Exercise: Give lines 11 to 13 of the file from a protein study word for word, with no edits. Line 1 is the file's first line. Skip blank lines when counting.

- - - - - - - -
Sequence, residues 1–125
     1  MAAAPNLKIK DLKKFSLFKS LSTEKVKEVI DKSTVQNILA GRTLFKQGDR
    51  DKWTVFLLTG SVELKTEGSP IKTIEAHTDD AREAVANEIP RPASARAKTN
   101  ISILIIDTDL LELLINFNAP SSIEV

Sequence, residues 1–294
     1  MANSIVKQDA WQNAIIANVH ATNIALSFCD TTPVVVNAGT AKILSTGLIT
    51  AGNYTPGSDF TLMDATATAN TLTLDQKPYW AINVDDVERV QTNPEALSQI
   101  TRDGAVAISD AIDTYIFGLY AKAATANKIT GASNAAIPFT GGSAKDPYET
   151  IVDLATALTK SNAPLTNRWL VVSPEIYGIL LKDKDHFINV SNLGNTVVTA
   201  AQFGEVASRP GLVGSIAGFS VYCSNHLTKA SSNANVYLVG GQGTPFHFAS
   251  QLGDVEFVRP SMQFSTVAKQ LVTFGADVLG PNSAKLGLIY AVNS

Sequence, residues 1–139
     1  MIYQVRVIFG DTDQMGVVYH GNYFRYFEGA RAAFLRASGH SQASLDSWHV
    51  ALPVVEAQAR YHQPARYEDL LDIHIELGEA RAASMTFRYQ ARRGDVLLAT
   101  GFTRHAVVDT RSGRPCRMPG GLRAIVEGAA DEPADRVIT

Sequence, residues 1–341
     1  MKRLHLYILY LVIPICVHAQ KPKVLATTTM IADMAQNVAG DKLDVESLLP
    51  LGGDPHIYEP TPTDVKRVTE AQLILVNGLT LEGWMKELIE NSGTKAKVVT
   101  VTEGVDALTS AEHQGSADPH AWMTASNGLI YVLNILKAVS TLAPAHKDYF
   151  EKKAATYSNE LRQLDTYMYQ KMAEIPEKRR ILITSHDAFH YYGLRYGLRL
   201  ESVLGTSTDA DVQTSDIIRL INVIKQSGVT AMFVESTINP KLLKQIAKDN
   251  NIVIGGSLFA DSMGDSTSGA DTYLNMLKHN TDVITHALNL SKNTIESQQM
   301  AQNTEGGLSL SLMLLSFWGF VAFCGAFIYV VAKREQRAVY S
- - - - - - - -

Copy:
   251  QLGDVEFVRP SMQFSTVAKQ LVTFGADVLG PNSAKLGLIY AVNS

Sequence, residues 1–139
     1  MIYQVRVIFG DTDQMGVVYH GNYFRYFEGA RAAFLRASGH SQASLDSWHV